Furthermore, year on year data on staff who have converted from casual to permanent or ongoing staff and staff engaged in offshore operations would be useful. They would help universities to plan, build and strengthen workforces and ensure Australia is globally competitive in a rapidly changing geopolitical environment. It will also help institutions benchmark (both domestically and internationally), assure educational quality and cross reference against other data sources (e.g., co-publications and citations data by country).

One other aspect that is often discussed is the average annual salary information for university leaders and academics in general. Including this would not only help universities to regain taxpayers trust but also monitor progress towards achieving gender pay equity, including variations across disciplines. It would be highly desirable if such information was also included in the national statistical publication in table format and added to the national data file available to institutional researchers and planners across all universities.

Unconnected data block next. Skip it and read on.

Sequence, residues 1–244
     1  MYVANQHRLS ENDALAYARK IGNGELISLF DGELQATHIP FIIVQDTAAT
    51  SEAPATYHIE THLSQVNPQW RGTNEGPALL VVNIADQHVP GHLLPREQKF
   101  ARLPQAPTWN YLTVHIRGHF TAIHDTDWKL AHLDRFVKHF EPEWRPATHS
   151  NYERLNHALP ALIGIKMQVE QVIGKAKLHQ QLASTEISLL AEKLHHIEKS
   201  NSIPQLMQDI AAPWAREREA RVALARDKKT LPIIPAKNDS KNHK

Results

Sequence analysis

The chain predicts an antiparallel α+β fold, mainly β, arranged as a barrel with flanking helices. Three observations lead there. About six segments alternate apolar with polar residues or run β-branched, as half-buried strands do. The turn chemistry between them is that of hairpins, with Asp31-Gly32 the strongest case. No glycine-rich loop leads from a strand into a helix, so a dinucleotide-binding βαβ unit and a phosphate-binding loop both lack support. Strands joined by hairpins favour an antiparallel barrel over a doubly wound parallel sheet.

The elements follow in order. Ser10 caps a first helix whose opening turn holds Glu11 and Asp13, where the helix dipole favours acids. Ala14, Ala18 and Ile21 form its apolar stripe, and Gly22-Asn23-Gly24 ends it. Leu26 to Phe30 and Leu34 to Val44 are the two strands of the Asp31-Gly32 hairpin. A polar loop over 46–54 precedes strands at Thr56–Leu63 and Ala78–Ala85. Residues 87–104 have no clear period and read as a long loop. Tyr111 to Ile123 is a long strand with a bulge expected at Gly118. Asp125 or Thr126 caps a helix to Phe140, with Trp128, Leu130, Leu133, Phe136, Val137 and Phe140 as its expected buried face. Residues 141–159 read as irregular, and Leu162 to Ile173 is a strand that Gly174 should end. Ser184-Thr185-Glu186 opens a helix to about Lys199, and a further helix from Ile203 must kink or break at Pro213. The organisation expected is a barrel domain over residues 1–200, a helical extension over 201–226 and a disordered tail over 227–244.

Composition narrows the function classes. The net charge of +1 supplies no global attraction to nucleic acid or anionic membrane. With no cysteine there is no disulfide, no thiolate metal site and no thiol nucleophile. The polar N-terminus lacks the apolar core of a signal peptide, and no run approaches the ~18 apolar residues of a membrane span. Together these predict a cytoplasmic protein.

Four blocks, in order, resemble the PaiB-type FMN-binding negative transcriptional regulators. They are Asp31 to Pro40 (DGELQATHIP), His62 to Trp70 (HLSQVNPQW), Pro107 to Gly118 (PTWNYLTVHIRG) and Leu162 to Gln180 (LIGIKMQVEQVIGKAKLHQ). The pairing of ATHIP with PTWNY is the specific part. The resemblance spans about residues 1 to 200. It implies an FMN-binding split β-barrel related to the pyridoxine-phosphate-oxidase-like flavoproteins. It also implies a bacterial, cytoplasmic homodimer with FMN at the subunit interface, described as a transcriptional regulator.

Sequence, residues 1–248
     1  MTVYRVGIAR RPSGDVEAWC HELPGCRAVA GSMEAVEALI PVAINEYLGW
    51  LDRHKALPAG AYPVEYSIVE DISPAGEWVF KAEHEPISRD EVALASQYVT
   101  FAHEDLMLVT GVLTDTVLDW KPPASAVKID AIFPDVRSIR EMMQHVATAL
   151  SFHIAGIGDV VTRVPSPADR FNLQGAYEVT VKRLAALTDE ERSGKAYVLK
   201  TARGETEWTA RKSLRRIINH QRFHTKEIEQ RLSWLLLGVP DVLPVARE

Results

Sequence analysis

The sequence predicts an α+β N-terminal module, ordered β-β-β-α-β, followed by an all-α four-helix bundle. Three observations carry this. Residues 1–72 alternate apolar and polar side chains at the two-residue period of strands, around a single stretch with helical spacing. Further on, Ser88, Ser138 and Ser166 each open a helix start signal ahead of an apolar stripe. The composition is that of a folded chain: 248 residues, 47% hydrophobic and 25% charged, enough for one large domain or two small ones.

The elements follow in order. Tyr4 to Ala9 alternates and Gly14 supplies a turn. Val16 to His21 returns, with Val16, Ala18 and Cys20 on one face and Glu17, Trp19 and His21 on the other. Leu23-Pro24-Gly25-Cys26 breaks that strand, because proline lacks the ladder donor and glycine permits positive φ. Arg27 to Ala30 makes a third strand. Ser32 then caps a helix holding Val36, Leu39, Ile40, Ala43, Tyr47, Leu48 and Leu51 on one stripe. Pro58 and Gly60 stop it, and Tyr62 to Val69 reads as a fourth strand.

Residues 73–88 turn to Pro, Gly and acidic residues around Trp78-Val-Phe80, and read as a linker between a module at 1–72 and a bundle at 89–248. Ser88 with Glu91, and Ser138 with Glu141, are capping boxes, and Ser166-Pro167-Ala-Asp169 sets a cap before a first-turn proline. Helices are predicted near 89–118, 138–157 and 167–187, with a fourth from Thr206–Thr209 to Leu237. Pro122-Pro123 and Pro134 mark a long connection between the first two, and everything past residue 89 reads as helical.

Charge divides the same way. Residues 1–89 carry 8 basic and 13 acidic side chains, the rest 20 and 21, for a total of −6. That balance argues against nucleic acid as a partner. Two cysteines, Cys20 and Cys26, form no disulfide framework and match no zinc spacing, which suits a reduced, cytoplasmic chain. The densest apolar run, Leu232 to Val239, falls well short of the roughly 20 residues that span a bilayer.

The release of this statistical information needs to occur a lot sooner. Ideally, the national statistics would be released within 90 days from the date institutions submit their statistical information. Universities submit their data collection on June 30 every year. Ministerial approval for the release of this information also needs to be reviewed to ensure national data is released in a timely fashion. There may be inter-university agencies which rely on the timely availability of information to sign off contracts. Any delays in release could incur penalties or higher costs.